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Tuesday, September 7, 2010

Five Best: Mockumentaries

[caption id="" align="alignright" width="265" caption="Actor Joaquin Phoenix courtesy of"][/caption]

This Friday, September 10, I'm Still Here comes out in limited released. If you don't know, this is the film directed by Casey Affleck that details Joaquin Phoenix's transition from an actor to a rapper. Now, most assume this is still a ridiculous joke, but many maintain its truth. I personally don't believe his transformation, so I'm guessing it's just a big, goofy exploitation film about stardom and its "effects." Either way, it made me think of the best "mockumentaries" - movies that are made to look like documentaries, but are actually completely fictionalized. Some are funny, some are not. But, without further ado, in chronological order, here they are.

[caption id="" align="alignleft" width="309" caption="Scene from "This is Spinal Tap" courtesy of"][/caption]

This is Spinal Tap (1984)

After Rob Reiner graced the small screen as a "meathead" on All in the Family and before he began directing nothing but romantic comedies, he directed this hilarious film about a British "hair" band in the 1970's. A ridiculous look at the vanity and excess of rock'n'roll, Spinal Tap provided a semi-birth, if you will, to the mockumentary genre. It plays out like a film about a film being made, and the performances from Michael McKean, Christopher Guest, and Harry Shearer are so incredibly over-the-top and clueless that you just may think they are your favorite band and that they are, in fact, that stupid.

[caption id="" align="alignleft" width="299" caption="Scene from "Man Bites Dog" courtesy of"][/caption]

Man Bites Dog (1992)

This surrealist-feeling French film captures what happens when the line between media and reality gets blurred. A film crew follows around a serial killer as he performs his deeds, serving as a place for him to give dictation about his craft. It's graphic, but it's extremely thought-provoking. Where do you become less an observer and more an accomplice? The film crew walks that line when they are eventually drawn in to help with the killings. Shot entirely in black and white, Man Bites Dog feels like an episode of "Dateline" that goes horribly wrong.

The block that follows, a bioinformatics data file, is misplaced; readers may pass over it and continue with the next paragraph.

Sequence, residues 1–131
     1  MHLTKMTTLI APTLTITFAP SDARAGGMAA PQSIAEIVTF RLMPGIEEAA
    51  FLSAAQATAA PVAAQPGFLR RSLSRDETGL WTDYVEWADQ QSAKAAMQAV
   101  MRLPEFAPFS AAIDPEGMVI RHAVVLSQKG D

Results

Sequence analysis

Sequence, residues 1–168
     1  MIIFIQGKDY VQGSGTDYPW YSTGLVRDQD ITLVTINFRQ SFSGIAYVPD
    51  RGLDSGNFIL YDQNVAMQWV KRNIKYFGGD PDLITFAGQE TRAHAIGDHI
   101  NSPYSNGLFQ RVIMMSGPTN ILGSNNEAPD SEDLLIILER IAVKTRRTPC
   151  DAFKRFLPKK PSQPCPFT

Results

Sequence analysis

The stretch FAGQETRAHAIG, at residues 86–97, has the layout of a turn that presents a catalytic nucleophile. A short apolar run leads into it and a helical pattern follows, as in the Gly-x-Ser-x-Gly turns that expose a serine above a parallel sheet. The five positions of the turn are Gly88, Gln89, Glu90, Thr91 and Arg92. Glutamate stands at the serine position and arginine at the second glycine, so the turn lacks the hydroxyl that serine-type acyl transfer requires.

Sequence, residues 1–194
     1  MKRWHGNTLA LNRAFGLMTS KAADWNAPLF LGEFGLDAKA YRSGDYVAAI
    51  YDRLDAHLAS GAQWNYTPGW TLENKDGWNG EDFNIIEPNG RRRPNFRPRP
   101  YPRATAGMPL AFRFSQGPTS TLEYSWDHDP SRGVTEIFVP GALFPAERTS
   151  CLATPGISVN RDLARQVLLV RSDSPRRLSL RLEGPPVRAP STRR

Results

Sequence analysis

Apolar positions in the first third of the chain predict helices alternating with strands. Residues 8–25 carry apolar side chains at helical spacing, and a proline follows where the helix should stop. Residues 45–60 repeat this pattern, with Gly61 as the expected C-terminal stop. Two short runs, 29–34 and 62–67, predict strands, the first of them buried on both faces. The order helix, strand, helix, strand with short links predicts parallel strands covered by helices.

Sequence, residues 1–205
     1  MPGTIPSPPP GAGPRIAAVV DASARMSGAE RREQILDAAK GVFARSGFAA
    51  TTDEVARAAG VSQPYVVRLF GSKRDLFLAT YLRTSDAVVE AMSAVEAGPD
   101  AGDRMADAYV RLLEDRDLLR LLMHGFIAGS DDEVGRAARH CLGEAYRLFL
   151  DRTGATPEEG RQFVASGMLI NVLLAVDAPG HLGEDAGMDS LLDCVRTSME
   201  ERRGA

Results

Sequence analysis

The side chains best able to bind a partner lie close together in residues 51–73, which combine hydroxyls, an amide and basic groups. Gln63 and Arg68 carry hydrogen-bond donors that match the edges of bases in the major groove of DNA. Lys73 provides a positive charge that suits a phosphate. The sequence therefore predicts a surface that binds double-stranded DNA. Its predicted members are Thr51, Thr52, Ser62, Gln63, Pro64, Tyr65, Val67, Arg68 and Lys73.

[caption id="" align="alignleft" width="287" caption="Scene from "The Blair Witch Project" courtesy of"][/caption]

The Blair Witch Project (1999)

I will be the first to admit that Blair Witch is not that good. I saw it in the theater when it was released and laughed through the first half of the film. But, then I began to pay attention and got a little freaked. Blair Witch is not on this list because of the quality of film; it's on this list because of the genius of the filmmakers, producers and actors. Pitching it the entire pre-run as a real documentary, it showed us how morbidly curious people can be. Think about it - a high percentage of audience member went to this film thinking these kids actually disappeared or died. You would've thought one of their parents would've said something, if, in fact, it was real. Thankfully, it wasn't - but it was still brilliant marketing.

[caption id="" align="alignleft" width="285" caption="Scene from "Best in Show" courtesy of"][/caption]

Best in Show  (2000)

A few Christopher Guest offerings could be included on this list (A Mighty Wind, For Your Consideration), but Best in Show takes the cake. A hilarious look at people who treat their pets like children, Best in Show is a look into the Mayflower Kennel Club Dog Show, the owners, and the handlers that make up the finalists. With a cast including Michael McKean, Parker Posey, Catherine O'Hara, Eugene Levy, and Jennifer Coolidge, Best in Show shines a light on a sub-culture of people who may just be this quirky in real life, too.

[caption id="" align="alignleft" width="330" caption="Scene from "Borat" courtesy of"][/caption]

Borat: Cultural Learnings of America for Make Benefit Glorious Nation of Kazakhstan (2006)

It may be crude, it may be offensive, and it may be overdone. But Sacha Baron Cohen's Golden Globe winning role took middle America and turned it on its somewhat ignorant head. Borat is a reporter from Kazhakstan who comes to the states to do a report on the "greatest country in the world." Before he went truly degrading with Bruno, Cohen danced the line of good taste in 2006 with this no-holds-barred look at our welcoming (or unwelcoming) of new cultures, our occasional intolerance to others, and the uncomfortable feelings we all get when we see two grown men wrestling naked through a hotel lobby.

The idea of a mocumentary may get poorly played now and again, but these films certainly do it right. Sometimes, we not only have to be reminded that we're watching a movie; but we also need to remember that most movies are based on experiences somebody had at one time or another.

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